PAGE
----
The shape of the composite structure depends on the end use to which it is put. Thus in the composite structure shown in FIG. 9, the plastic body 19 which is a rectangular slab, is reinforced by a planar array of three parallel punched metal reinforcing strips 20, 21 and 22 embedded within the slab, the projections being on alternate sides of the strips. These strips are channel-shaped to resist bending forces applied to the structure.
In the composite structure shown in FIG. 10, the metal reinforcing sheet 23 has round holes 24 punched therein, each bordered by projecting metal collars 25, the metal sheet being integrated with to the outer surface of a molded plastic body B; hence the metal reinforced sheet has all of its projections on the inner surface of the metal sheet.
A composite structure in accordance with the invention, because of the metal sheet embedded in the plastic body or integrated with its surface, can also function as a heat shield or heat sink in which the metal sheet absorbs heat radiating from an object to which the structure is attached.
Thus as shown in FIG. 11, a composite structure having a plastic body 26 and a metal reinforcing sheet 27 is molded to assume a semi-cylindrical form to conform to end shield a pipe 28 carry a heated fluid, the composite in this case acting as a heat shield. In this shield the reinforcing metal sheet lies adjacent the pipe. In practice, the heat shield may be spaced from the pipe. It is important to note that in all composite structures, in accordance with the invention, the reinforced punched metal sheet having tangs, collars or other projections bordering the punch holes, the metal sheet is not mechanically laminated to the plastic body, but is fully integrated therein, the plastic filling, the punched holes and enveloping the projections both inside and out so that the metal sheet is inseparable from the plastic body.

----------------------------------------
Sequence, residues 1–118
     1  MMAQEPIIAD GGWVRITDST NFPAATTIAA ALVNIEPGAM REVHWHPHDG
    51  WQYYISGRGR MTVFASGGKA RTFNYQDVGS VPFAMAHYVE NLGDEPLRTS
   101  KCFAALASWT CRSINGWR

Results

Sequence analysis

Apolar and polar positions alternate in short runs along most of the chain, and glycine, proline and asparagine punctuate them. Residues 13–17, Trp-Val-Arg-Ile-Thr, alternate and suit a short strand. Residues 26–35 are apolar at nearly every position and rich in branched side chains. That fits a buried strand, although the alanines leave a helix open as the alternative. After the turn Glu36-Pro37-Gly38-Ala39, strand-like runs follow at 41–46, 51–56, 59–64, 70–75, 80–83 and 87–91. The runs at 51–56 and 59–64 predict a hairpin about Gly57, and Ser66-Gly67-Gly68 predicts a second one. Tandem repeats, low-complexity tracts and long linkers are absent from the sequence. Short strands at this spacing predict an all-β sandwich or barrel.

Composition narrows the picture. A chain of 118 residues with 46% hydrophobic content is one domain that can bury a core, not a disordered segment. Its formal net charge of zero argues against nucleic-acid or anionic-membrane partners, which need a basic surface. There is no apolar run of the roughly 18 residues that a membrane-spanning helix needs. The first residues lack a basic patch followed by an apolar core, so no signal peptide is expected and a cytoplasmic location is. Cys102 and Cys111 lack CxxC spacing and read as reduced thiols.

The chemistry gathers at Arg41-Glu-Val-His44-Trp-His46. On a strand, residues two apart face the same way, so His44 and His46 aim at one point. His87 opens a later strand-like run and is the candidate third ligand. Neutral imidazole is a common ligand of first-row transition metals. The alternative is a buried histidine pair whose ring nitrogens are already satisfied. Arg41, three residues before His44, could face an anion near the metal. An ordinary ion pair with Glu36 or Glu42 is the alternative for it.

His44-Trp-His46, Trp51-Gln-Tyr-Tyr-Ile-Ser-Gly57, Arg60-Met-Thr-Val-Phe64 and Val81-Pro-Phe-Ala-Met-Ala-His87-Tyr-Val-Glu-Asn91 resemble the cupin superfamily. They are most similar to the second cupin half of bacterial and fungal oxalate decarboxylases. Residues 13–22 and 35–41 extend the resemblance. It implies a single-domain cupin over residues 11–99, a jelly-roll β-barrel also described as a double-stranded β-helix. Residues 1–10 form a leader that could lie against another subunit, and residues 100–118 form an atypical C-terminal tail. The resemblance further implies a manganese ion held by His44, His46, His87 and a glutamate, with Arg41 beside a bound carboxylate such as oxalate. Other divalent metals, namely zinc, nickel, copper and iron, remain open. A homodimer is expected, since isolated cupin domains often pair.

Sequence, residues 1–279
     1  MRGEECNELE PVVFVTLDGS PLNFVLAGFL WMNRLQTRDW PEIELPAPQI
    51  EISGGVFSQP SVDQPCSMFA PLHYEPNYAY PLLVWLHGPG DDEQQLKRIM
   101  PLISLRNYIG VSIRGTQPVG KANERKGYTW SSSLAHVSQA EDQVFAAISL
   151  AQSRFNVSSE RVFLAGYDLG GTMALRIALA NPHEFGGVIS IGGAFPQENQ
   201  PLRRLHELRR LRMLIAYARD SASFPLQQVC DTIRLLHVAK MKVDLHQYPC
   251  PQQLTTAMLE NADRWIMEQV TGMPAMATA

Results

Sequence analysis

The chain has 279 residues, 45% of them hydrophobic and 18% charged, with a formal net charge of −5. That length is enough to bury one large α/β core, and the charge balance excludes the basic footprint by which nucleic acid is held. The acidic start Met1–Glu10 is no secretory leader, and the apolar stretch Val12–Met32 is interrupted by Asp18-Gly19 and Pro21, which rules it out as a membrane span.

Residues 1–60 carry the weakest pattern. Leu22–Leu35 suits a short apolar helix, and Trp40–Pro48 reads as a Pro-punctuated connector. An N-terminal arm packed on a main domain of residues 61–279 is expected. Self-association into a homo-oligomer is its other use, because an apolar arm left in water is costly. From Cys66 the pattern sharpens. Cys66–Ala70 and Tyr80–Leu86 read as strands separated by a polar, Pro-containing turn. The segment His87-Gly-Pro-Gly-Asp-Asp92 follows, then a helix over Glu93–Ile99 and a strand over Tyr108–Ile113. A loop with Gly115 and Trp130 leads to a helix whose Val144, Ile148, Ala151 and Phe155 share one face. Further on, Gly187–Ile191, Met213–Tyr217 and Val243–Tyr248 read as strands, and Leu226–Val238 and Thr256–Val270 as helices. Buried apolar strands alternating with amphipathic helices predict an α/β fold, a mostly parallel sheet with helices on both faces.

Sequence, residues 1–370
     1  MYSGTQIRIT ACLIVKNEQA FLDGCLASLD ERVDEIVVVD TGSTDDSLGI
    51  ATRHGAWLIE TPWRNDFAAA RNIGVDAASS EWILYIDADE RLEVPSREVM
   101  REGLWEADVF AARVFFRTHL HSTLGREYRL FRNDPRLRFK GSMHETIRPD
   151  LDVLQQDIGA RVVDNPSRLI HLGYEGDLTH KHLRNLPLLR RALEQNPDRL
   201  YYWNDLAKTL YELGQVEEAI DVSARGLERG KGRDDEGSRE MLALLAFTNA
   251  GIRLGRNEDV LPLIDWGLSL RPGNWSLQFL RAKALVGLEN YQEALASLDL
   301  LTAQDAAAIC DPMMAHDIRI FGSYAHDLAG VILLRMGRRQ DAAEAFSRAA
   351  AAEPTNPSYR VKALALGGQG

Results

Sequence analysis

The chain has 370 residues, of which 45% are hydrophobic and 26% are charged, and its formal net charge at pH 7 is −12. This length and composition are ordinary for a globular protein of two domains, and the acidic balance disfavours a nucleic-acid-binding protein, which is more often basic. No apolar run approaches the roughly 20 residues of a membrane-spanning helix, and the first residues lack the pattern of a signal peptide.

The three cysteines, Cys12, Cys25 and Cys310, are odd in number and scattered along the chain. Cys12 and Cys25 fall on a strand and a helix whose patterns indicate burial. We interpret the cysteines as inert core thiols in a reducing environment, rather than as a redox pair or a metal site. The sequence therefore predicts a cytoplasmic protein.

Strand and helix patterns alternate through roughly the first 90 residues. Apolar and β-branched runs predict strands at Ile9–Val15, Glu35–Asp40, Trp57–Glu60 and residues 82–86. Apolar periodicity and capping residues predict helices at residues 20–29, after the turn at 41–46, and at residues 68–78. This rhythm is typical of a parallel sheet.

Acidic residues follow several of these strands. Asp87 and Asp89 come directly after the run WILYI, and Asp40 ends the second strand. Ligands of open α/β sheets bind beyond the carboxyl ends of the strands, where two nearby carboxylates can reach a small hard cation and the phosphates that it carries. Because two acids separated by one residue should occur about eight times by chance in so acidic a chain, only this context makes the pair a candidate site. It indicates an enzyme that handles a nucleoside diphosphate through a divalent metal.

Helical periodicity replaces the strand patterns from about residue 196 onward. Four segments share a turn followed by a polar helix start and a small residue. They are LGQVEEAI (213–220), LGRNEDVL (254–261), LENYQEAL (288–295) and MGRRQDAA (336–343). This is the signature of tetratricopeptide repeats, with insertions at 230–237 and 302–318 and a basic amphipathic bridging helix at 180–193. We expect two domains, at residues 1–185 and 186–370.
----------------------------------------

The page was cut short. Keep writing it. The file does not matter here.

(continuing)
In molding a composite structure of the type disclosed above, use is made for this purpose of a mold whose cavity has a shape determined by that of the composite structure to be produced.
Supported within the mold cavity at a position therein determined by the position of the metal sheet in the composite structure, is the punched metal sheet whose shape is appropriate to that of the part to be produced. Then injected into the cavity is a molten plastic material of the desired composition, such as polyethylene or polypropylene. The molten plastic is injected under pressure so that in filling the mold cavity, the molten plastic is caused to flow through all holes punched in the metal sheet and to envelop the projections bordering the holes, inside and out.